LONDON: The first week of the New Year has witnessed a series of medical reports urging British consumers to improve their lifestyles, and it now appears that official action may extend to TV advertising.
As the UK government prepares to launch its national childhood obesity strategy in the next few weeks, the Financial Times reported that Health Secretary Jeremy Hunt has been urging Downing Street to curb TV ads of "junk food" aimed at children.
Public Health England last week announced a new app designed to help parents calculate how much sugar there is in food and drink products after revealing that five-year-olds are now eating their own body weight in sugar each year.
Meanwhile, Cancer Research UK and UK Health Forum warned that 670,000 more people in the UK could develop cancer in the next 20 years because of obesity or from being overweight.
The health bodies also warned that almost three-in-four adults will be overweight or obese by 2035 if current trends continue.
Culture Secretary John Whittingdale is reported to have voiced objections about further restrictions to the advertising of sugary and other unhealthy products amid concerns that the measures could cost broadcasters hundreds of millions of pounds, but there are indications that the UK government may toughen its approach.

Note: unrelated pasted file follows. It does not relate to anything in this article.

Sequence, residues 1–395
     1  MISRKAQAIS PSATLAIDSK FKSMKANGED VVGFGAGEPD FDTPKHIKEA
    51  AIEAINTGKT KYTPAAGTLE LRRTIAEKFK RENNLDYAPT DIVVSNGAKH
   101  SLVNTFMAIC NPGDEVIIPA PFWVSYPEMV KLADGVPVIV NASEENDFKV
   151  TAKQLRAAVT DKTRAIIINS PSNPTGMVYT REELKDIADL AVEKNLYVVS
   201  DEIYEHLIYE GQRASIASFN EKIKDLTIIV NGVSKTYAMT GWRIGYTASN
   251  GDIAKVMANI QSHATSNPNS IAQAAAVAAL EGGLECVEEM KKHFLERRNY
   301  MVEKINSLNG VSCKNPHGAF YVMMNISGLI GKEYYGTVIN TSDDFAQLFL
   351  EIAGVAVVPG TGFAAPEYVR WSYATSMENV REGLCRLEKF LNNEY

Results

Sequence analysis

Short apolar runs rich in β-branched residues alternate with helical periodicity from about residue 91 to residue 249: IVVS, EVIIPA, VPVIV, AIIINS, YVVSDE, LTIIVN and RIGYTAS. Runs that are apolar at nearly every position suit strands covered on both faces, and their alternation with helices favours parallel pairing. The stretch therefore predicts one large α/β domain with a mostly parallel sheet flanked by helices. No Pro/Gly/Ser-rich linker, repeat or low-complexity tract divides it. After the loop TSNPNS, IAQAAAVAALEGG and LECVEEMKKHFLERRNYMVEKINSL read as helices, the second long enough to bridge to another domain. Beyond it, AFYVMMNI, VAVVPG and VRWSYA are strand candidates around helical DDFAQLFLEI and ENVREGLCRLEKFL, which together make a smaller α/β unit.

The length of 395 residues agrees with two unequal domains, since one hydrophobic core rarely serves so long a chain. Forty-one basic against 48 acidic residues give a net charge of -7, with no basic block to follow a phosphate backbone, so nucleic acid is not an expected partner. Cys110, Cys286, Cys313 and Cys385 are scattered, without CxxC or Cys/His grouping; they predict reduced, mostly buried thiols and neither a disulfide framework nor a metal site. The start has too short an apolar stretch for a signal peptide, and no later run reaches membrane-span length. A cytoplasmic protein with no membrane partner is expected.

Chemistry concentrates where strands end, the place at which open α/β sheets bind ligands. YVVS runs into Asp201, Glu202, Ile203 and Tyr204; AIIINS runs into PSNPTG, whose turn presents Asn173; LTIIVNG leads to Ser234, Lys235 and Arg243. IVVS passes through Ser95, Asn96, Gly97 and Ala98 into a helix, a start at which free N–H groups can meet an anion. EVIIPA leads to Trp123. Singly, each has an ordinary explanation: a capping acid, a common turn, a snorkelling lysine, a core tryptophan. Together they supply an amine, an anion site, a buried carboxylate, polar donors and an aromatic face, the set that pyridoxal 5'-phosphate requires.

Speaking in the Hungarian capital of Budapest last Thursday, Prime Minister David Cameron insisted that action had to be taken to deal with obesity.
"I don't really want to put new taxes on to anything but we do have to recognise that we face potentially in Britain something of an obesity crisis," he said.
"We do need to have a fully worked-up programme to deal with this problem and address these issues in Britain and we will be making announcements later in the year," he added.
The Financial Times reported that such a programme of action is expected to include a crackdown on the advertising of certain foods and drinks on family programmes, possibly including a total ban on advertising before 9pm.
That was also a key recommendation in Cancer Research UK's latest report, which also included a call for a 20p per litre tax on sugary drinks.
Data sourced from Financial Times, Daily Mail, BBC; additional content by Warc staff